As a system of identity, African masculinity is much more than a cluster of norms, values, and behavioral patterns expressing explicit and implicit expectations of how men should act and represent themselves to others. It also refers to more than how African male bodies, subjectivities, and experiences are constituted in specific historical, cultural, and social contexts. African masculinities, as historical subjects embodying distinctive socially constructed gender and sexual identities, have been both male and female. By occupying a masculine sociopolitical position, embodying masculine social traits, and performing cultural deeds socially construed and symbolized as masculine, African men and women have constituted masculinity. Across various African societies and times, there have been multiple and conflicting notions of masculinities, promoted by local and foreign institutions, and there have been ceaseless contestations and synergies among the various forms of hegemonic, subordinate, and subversive African masculinities. Men and women have frequently brought their own agendas to bear on the political utility of particular notions of masculinity. Through such performances of masculinity, Africans have constantly negotiated the institutional power dynamics of gender relations. So, the question is not whether Africans worked with gender binaries, because they did. As anthropologist John Wood puts it, African indigenous logic of gender becomes evident in the juxtaposition, symbolic reversals, and interrelation of opposites. Rather, one should ask, why and how did African societies generate a fluid gender system in which biological sex did not always correspond to gender, such that anatomically male and female persons could normatively occupy socially constructed masculine and feminine roles and vice versa? And how did African mutually constitutive gender and sexuality constructions shape African societies?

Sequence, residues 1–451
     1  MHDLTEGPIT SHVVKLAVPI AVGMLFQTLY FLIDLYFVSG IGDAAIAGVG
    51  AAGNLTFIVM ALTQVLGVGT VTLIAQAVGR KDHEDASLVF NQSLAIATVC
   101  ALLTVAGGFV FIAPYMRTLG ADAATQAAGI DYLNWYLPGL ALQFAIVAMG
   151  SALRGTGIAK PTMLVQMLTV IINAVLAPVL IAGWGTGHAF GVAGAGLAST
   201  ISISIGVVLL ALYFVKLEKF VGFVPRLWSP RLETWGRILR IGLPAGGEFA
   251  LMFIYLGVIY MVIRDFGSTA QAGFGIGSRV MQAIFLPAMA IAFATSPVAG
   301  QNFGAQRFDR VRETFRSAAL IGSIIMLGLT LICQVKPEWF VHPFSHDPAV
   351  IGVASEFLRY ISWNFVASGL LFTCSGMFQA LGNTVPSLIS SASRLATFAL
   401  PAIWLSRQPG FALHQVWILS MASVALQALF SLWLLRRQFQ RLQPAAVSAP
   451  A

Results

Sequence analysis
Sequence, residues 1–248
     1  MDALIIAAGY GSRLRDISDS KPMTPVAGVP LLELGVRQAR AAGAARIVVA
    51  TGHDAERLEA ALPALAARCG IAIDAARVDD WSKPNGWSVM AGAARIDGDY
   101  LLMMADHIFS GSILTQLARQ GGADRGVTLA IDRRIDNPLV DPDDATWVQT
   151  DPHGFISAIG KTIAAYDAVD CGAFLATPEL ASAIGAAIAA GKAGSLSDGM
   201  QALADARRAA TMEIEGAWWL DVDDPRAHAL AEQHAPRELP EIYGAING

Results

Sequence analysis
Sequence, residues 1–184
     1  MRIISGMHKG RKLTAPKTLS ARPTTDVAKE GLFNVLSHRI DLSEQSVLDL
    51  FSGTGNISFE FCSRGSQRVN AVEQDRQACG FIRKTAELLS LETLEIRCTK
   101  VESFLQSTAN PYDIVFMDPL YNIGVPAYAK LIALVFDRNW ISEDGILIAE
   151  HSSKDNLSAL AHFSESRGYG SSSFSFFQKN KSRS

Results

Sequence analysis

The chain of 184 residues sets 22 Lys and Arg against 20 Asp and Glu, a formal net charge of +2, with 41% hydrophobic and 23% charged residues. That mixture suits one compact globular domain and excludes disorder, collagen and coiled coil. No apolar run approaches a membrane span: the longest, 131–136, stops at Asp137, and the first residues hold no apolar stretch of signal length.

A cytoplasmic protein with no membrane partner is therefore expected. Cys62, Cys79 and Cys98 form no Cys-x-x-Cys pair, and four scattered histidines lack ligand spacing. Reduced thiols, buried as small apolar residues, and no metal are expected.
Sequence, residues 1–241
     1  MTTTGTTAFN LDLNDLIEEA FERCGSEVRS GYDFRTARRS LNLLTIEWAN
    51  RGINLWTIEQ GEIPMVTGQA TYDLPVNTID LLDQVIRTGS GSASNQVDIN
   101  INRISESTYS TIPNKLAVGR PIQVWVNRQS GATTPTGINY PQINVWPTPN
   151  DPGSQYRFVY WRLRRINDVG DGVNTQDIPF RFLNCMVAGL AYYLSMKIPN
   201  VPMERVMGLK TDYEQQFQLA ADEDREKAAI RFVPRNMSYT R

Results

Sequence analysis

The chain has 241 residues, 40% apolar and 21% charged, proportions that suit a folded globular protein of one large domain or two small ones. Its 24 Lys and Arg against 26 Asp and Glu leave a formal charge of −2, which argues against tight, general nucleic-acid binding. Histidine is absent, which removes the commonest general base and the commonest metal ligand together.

Ndubueze L. Mbah
Noémia de Sousa (1926–2002) is traditionally designated as the founding mother of Mozambican national poetry. She was the only woman poet in Mozambique to play a major role in shaping the cultural imaginary of the Portuguese African nationalisms that emerged in the 1940s and 1950s. Her early life as a woman of mixed African, European, and Goan racial heritage, and the education this racial status afforded her, drew her into writing and journalism in opposition to the colonial regime of the Portuguese New State. Her first and only poetry collection, Sangue Negro (Black blood), was completed and circulated clandestinely in 1951. She was subsequently exiled to Lisbon, and from there to Paris, returning to Portugal in 1973, shortly before the April 1974 Revolution. The contents of Sangue Negro were circulated, in the original and in translation, largely through specific selected poems in African nationalist anthologies. Divided into five sections, the poems of Sangue Negro mix oral and literary tropes and influences. They deal with issues of racial hybridity and colonial assimilation, African American and Pan-Africanist influences in Mozambique, Portuguese Neorealism and Marxist resistance, autobiographical memories and testimonies, and the specificity of women’s political voice. The literary establishment’s reception of de Sousa in 1960s Mozambique was generally dismissive. Her work was also afforded relatively minor status in foundational anglophone accounts of the Lusophone African canon, such as those by Russel Hamilton and Patrick Chabal. The Marxist sociologist critic, Alfredo Margarido was an important exception in this regard and an early champion of her work. In the 1990s, de Sousa was progressively validated and incorporated into the canonization of black, Pan-Africanist, and Negritudinist writers by critics such as Pires Laranjeira in Portugal. Since the 1990s she has received more in-depth, gender-informed attention in Mozambique, Portugal, Brazil, the United States, and the United Kingdom, consolidating her international status as a pioneering woman’s voice in Africa’s literary history of national liberation struggle. Her poetry collection Sangue Negro was reprinted by the Mozambican Writers’ Association (AEMO) in a new edition in 2001, for the first time since the 1951 original.